I've wanted to make David Lebovitz's Dulce de Leche Brownies for some time. I also needed something nice to take along to our extended family for our Easter celebration. I just happened to have a tin of Nestlé Top'n'Fill Caramel in the pantry in anticipation of making them one day. I was ecstatic when I saw the Nestlé Top'n'Fill Caramel on the supermarket shelf. I didn't know it was available. My mum use to make caramel (dulce de leche) from Nestlé condensed milk by putting it in the pressure cooker. It's a wonder it didn't explode.

I've adapted David Lebovitz's recipe for Australian measurements.

Makes 18 pieces.

125g unsalted butter, cut into pieces

170g Callebaut bittersweet chocolate (70%), finely chopped

1/4 cup (25g unsweetened Dutch-process cocoa powder

3 large eggs

1 cup (200g) castor sugar

1 teaspoon pure vanilla extract

1 cup (140g) plain flour

1 cup walnuts, coarsely chopped

250g Nestle Top'n'Fill Caramel (dulche de leche)

Preheat the oven to 175C (350°F). Line a 18cm x 30cm tin with baking paper and grease with non-stick spray. Melt the butter in a saucepan over low heat then add the chocolate pieces, stirring constantly until melted. Remove from the heat and whisk in the cocoa powder until smooth. Stir in the eggs one at a time then stir in the sugar, vanilla, flour and walnuts until it is all incorporated.

Pour half the mixture into the prepared tin. Drop spoonfuls of the caramel, evenly space, over the brownie mixture, swirling the caramel with the back of a knife. Spread the remaining brownie mixture over the top, then drop spoonfuls of the remaining caramel over the top and swirl slightly to get a nice pattern. Bake for 35 to 40 minutes until the top is slightly firm to the touch. Remove from the oven and cool completely.

If they last, they will be much nicer the next day. Delicious!

Friday, April 10, 2009

Date and Walnut Roll

I was browsing through the Australian Women's Weekly "MIX - cakes, muffins, biscuits + puddings" when I came across the Date and Walnut Rolls. I hadn't eaten this since I was a child. It reminded me of my mum and baking every Sunday. It is delightful with lashings of butter and jam.

This recipe requires two loaf tins and makes 20 slices.

60g butter
1 cup (250ml) boiling water
1 cup (180g) chopped seeded dried dates
1/2 teaspoon bicarbonate of soda
1 cup (220g) packed brown sugar
2 cups (300g) self-raising flour
1/2 cup (60g) chopped walnuts
1 egg, lightly beaten

Preheat the oven to 180°C (160°C fan-forced). Butter two 8cm x 19cm nut roll tins. Line the bases with baking paper and spray the insides of the tins with non-stick baking spray.

Stir the butter and the water in a medium saucepan over low heat until the butter melts. Remove from heat and stir in the chopped dates and bicarbonate of soda. Add the remaining ingredients and mix until combined.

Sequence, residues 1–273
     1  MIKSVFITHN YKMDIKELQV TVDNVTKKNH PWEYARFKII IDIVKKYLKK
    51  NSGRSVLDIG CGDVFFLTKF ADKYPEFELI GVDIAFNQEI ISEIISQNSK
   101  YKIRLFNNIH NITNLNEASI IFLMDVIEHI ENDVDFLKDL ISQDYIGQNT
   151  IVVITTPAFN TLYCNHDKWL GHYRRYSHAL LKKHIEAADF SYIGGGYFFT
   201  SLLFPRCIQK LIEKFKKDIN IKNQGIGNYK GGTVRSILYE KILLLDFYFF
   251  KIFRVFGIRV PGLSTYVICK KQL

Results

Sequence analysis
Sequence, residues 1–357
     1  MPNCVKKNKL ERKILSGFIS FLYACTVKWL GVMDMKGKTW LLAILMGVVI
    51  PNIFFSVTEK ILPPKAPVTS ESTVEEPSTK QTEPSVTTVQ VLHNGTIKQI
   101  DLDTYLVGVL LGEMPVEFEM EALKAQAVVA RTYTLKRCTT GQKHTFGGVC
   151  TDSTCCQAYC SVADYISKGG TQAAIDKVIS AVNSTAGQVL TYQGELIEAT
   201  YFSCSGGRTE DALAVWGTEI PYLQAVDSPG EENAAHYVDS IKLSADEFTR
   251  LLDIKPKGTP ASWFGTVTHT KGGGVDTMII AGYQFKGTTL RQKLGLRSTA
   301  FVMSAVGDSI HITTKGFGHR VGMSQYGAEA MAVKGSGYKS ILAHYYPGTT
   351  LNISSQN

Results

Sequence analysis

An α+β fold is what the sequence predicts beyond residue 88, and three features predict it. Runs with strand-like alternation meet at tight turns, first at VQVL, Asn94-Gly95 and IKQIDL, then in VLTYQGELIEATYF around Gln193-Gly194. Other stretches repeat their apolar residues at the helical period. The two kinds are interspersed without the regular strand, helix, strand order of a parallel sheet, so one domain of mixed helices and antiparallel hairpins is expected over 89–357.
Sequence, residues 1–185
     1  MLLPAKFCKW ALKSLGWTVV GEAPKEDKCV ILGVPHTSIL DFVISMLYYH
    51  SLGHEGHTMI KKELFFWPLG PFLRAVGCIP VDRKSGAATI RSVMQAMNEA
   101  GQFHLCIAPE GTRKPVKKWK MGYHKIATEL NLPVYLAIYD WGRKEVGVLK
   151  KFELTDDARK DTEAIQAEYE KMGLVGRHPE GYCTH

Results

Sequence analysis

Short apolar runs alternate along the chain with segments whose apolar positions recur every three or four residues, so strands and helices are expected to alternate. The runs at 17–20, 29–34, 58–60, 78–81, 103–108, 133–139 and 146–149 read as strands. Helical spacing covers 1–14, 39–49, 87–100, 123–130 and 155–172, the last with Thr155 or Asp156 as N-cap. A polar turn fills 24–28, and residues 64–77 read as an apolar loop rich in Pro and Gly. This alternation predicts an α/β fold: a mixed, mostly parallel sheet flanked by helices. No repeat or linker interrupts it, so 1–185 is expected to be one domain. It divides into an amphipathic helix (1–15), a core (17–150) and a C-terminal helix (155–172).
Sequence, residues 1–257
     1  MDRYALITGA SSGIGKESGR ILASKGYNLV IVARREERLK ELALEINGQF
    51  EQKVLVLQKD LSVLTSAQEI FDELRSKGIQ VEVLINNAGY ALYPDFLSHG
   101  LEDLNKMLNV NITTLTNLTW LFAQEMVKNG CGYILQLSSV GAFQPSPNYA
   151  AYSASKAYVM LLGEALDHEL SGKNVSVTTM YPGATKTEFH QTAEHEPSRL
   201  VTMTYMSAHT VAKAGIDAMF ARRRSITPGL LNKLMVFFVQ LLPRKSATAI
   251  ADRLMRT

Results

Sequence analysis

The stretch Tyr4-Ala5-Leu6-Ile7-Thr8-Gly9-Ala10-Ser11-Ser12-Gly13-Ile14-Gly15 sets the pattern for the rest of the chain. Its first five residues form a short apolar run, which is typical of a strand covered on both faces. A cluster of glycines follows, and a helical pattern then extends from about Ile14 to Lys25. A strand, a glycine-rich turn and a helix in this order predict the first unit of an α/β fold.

Place the tins upright on a baking tray, spoon the mixture into the tins (just over half way each) and replace the lids. Bake the rolls for 45 to 50 minutes. Stand for 10 minutes then remove the ends of the tins and shake tins gently to release the rolls onto a wire rack.

Saturday, April 4, 2009

Cauliflower Soup

Now that the weather here in Melbourne is starting to get cool, it makes sense to cook up a batch of quick and easy soup in the evenings.

2 tablespoons butter
2 medium onions
1 clove of garlic
1 medium cauliflower
1 large potato
1 ½ liters chicken stock
salt and pepper to taste

chopped broad-leaf parsley
Hungarian Paprika

Dice the onion and garlic and sautè in the butter until they are translucent. Coarsely chop the cauliflower and potato and add to the onions. Cook for a few minutes then add the stock. Season with salt and pepper and simmer until the cauliflower and potato are soft, approximately 20 minutes. Using a blender, blitz the soup until it is smooth and creamy. Serve garnished with the paprika and chopped parsley.

Variation: Replace the cauliflower with broccoli and garnish the soup with grated gruyer cheese.

Thursday, April 2, 2009

Hungarian Plum Dumplings (Szilvas Gomboc)

These homely, simple looking plum dumplings belie the rich combination of sweet juicy angelina plums wrapped in a soft delicious potato dough. They are boiled in salted water then rolled in buttery toasted breadcrumbs and sprinkled with icing (confectioners) sugar. They are time consuming to make but well worth the effort as can be seen by the number of posts on the Web.

My son requested these as it is part of his Hungarian heritage (Nagymama would often make them for him). I have used the lovely recipe from June Meyer's Authentic Hungarian Heirloom Recipes, a book well worth investing in. There is also a lovely blog by Maggie on Dog Hill Kitchen that has a wonderful description and great photography.